The only thing that feels like it needs improvement is the GLS63’s brakes. At lower speeds, the pedal is easy to modulate and stops arrive smoothly every time. At full clip, the car feels under-braked, although some of that is likely down to the constant paranoia of how many pounds need to be brought down before each corner. I wouldn’t say Mercedes-AMG needs to add some carbon-ceramic stoppers in this situation, but maybe some slightly more aggressive pads would add a little extra peace of mind for the five owners who do decide to chuck the GLS63 about.
Even though it’s got performance chops, the GLS63 remains a full-on luxury vehicle, and it has the interior to match. On my well-optioned tester, very soft leather exists on just about every surface. The general design is pretty much the same as what you’ll find on other new M-B SUVs like the GLE-Class, and it works — the dashboard has just enough interesting contours, and the grab handles on either side of the infotainment touchpad lend some off-road cred (at least in the visual sense). I’d do everything in my power to skip the carbon fiber interior trim, though — it looks way too garish on the GLS, which is better suited to something a little fancier, like one of Mercedes’ many matte-finish wood finishers.
Space abounds in the GLS in both the first and second row, while the third row is more than enough for the occasional kids or small adults on short trips. Otherwise, fold those extraneous seats into the floor and exchange ’em for more cargo space than you’ll know what to do with.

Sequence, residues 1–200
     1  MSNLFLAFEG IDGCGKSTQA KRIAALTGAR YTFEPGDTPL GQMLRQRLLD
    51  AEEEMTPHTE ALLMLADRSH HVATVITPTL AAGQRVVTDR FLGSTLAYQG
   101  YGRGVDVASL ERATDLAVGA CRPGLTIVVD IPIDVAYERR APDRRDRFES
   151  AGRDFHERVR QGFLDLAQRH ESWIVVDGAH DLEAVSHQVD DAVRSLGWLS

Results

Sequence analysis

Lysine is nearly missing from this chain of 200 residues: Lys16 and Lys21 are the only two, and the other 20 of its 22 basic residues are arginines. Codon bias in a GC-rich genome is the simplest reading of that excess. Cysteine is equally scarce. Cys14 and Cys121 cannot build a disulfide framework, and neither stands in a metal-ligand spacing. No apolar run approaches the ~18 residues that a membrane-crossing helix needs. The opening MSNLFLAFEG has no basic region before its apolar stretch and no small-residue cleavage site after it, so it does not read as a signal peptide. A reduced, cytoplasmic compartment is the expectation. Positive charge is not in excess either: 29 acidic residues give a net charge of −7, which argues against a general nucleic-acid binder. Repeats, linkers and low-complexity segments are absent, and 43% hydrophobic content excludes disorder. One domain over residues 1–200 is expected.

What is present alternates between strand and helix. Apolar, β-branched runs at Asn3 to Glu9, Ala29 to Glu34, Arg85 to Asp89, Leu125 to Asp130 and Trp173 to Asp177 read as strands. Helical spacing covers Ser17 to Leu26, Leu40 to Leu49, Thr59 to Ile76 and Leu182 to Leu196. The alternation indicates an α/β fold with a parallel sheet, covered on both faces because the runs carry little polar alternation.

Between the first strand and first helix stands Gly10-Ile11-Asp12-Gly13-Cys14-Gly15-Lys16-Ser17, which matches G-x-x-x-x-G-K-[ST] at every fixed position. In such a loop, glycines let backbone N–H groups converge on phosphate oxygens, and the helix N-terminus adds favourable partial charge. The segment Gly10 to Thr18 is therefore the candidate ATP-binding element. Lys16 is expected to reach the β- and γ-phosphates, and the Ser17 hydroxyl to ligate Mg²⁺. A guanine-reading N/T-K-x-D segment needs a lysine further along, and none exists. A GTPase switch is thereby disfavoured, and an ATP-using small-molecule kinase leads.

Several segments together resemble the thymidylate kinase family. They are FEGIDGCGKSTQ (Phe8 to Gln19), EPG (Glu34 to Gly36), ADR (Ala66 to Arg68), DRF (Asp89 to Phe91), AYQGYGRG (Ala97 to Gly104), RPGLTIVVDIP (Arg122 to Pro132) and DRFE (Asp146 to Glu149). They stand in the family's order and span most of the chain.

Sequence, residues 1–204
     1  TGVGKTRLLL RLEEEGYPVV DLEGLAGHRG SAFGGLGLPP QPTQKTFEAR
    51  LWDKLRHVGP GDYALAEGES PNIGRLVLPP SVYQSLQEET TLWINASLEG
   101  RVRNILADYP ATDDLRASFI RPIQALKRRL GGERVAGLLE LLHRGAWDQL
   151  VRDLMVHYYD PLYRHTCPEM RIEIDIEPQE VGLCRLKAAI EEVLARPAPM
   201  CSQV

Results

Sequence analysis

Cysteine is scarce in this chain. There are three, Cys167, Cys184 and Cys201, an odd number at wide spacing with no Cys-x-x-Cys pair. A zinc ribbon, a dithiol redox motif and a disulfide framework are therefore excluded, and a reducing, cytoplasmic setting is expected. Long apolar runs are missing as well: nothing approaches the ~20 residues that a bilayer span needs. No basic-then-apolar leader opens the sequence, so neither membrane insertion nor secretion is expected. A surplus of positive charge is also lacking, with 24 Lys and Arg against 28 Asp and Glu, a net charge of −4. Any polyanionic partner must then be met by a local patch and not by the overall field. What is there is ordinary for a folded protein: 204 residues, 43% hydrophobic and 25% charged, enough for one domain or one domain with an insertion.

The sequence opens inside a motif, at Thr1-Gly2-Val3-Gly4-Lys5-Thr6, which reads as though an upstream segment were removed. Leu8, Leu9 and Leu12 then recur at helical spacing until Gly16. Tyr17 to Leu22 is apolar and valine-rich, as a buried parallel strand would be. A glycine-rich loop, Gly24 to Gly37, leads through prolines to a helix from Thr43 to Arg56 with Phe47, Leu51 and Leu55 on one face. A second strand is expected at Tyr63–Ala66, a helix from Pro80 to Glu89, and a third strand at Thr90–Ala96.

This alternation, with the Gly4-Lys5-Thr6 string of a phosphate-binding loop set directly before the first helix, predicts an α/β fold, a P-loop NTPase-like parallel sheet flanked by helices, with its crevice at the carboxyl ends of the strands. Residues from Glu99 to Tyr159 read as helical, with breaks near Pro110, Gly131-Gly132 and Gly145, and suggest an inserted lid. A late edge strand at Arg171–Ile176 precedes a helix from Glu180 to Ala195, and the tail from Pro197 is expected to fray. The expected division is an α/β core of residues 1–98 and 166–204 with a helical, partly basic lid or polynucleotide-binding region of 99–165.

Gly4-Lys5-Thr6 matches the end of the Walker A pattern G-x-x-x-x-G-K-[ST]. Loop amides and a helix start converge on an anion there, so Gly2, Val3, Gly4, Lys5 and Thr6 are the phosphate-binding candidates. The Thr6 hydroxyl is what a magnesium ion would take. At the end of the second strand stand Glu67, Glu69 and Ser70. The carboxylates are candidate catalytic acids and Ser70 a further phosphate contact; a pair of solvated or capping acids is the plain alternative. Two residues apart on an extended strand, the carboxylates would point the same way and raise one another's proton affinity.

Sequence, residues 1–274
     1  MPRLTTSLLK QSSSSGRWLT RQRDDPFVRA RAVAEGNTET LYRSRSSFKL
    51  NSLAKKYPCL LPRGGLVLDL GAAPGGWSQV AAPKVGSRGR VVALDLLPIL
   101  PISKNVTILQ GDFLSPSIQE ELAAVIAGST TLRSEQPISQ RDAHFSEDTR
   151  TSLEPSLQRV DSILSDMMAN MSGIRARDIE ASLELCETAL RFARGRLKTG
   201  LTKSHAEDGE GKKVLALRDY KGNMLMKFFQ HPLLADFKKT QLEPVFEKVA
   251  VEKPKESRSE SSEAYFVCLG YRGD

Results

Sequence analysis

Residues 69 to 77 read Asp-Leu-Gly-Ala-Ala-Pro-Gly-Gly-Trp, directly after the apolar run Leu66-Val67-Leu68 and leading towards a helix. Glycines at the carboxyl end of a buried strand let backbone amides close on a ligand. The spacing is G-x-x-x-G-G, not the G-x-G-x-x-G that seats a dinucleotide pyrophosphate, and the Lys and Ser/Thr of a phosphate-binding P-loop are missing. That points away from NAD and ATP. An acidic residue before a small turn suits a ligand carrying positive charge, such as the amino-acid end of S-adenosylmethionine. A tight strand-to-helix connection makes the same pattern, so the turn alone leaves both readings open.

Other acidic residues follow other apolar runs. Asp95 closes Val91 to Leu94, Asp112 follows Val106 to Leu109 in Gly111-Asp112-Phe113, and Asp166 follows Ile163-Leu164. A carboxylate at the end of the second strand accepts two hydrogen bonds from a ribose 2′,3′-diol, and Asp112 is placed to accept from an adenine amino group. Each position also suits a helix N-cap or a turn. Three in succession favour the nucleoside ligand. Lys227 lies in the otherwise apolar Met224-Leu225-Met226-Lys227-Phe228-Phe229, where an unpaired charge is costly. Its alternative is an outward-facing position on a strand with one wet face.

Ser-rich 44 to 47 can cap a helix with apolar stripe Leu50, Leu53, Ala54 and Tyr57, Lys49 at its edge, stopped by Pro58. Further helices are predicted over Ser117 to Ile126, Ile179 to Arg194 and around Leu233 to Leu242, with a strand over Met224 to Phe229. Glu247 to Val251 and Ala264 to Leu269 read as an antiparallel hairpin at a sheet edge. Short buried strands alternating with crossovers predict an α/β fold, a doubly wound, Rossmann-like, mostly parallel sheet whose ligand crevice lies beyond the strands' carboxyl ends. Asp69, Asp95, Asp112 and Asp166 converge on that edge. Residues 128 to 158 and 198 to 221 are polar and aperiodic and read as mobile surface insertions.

The tech in the 2021 Mercedes-AMG GLS63 certainly befits its $132,000 starting price. In addition to all the whiz-bang stuff like electronic sway bars and adaptive air suspension, the GLS63 sports a bevy of standard safety systems, including automatic emergency braking and lane-keep assist. The latter is a little heavy-handed, and it can start acting strange when the width of the car begins to match the width of the lane, but generally it’s smooth and unobtrusive.
Finally, there’s MBUX. Mercedes-Benz’s latest and greatest infotainment system resides on the centermost of the two 12.3-inch screens gracing the dashboard. As I’ve said in just about every Mercedes-Benz review written in the last year, MBUX is great. It eliminates many of the complicated sub-menu browsing required in the old COMAND interface, and it minimizes distraction by giving the driver three different methods of manipulating the information on screen (steering wheel thumbpads, the handwriting recognition pad on the center console or just touching the screen itself). There’s nothing in here unique to the GLS63: The screens have some AMG-specific displays, but otherwise it’s exactly the same getup I see in every other modern Benz. Yes, Apple CarPlay and Android Auto are both included.
It’s hard to walk away from the GLS63 anything less than impressed. It’s just as comfortable as I want a Mercedes to be, yet a simple switch can flip everything on its head and give the vehicle almost preternatural agility. It’s big and silly and probably doesn’t need to exist, but after driving it, I’m happy it does.
Editors’ note: Travel costs related to this story were covered by the manufacturer, which is common in the auto industry. The judgments and opinions of Roadshow’s staff are our own and we do not accept paid editorial content.